|The Dorset Regiment|
Badge of the Dorset Regiment (1953–1958)
|Size||2 regular battalions
1 reserve battalion
1 Territorial battalion
|Garrison/HQ||The Depot Barracks, Dorchester|
|Motto||Primus in Indis|
|March||Quick: The Maid of Glenconnel|
|Anniversaries||Plassey, 23 June|
The Dorset Regiment was a line infantry regiment of the British Army from 1881 to 1958, being the county regiment of Dorset. Until 1951, it was formally called The Dorsetshire Regiment, although usually known as "The Dorsets". In 1958 the regiment was amalgamated with the Devonshire Regiment to form the Devonshire and Dorset Regiment. In 2007, it was amalgamated with several other infantry regiments to form The Rifles.
The 1st Battalion took part in operations in the Tirah Campaign on the North West Frontier of British India in 1897–98, and the 2nd Battalion fought in the Second Boer War, participating in the Relief of Ladysmith.
World War I
The 2nd Battalion was in Poona, India, when war broke out and was shipped to Mesopotamia, where it was trapped in the Siege of Kut and captured by the Turks. (Of the 350 men of the battalion captured, only 70 survived their captivity.) During the siege, returning sick and wounded, and the few replacements who had been sent out, were unable to re-join their battalion, so they, and similar drafts of the 2nd Norfolk Regiment, were amalgamated into a scratch battalion forming part of the force attempting to relieve Kut. This battalion was formally titled the Composite English Battalion, but was more commonly known as The Norsets; it was broken up in July 1916, when the 2nd Dorsets was re-constituted. The 1/4th Battalion of the Territorial Force served in India and Mesopotamia and 1/5th Battalion in India and Egypt and Palestine.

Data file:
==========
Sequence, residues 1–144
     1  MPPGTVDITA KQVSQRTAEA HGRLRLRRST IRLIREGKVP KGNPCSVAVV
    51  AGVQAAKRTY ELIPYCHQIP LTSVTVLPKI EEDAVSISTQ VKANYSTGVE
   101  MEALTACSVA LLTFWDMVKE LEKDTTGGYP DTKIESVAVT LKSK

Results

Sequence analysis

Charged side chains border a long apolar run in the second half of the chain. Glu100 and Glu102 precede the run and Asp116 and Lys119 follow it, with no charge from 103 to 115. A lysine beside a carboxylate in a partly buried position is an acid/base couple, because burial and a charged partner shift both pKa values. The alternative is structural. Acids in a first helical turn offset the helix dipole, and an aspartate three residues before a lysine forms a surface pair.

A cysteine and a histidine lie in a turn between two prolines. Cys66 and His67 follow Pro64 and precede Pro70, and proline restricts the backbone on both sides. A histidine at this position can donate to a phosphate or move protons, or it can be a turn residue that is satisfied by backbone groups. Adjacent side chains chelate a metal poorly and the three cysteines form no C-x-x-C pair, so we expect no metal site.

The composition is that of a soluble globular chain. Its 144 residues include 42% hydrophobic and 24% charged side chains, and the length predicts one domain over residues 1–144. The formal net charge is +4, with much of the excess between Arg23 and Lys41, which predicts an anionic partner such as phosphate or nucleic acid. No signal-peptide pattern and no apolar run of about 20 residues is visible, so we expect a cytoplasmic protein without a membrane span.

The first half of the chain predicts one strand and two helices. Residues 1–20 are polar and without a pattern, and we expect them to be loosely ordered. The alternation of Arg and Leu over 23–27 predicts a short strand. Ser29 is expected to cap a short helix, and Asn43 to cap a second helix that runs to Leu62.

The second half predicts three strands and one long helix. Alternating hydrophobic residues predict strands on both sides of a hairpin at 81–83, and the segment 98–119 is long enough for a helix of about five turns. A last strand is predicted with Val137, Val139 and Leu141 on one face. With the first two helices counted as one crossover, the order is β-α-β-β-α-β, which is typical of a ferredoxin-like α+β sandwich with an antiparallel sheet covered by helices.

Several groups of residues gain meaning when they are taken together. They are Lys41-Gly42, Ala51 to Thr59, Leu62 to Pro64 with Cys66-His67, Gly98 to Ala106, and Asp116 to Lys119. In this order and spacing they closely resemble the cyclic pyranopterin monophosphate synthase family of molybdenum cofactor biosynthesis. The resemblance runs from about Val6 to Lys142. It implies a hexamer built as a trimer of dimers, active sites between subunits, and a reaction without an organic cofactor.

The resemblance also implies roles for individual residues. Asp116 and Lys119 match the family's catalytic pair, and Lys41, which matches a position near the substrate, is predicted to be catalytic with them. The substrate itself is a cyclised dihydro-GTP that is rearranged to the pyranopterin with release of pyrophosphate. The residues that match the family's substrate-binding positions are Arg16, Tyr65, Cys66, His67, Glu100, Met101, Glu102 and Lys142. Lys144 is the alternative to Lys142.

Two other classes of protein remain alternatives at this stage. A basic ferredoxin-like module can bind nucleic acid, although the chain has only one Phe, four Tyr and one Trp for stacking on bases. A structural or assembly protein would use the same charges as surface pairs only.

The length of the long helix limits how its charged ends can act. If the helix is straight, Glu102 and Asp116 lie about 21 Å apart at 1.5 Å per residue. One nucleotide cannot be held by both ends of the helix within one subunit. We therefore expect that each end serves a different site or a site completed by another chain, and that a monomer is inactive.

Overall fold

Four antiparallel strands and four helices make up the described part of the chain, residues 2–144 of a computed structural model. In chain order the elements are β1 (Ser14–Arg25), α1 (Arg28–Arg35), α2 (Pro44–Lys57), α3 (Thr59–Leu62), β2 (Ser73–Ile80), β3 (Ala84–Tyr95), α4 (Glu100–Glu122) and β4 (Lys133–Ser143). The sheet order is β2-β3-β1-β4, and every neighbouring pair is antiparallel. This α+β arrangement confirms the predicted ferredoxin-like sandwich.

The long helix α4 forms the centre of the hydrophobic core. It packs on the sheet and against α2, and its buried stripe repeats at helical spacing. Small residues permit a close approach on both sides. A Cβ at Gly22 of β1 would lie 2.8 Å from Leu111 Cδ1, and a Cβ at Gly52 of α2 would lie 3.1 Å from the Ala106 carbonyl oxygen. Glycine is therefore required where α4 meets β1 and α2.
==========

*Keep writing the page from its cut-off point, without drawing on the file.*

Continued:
The 5th (Service) Battalion fought at Gallipoli, Egypt and Palestine, and the Western Front alongside the 1st and 6th Battalions.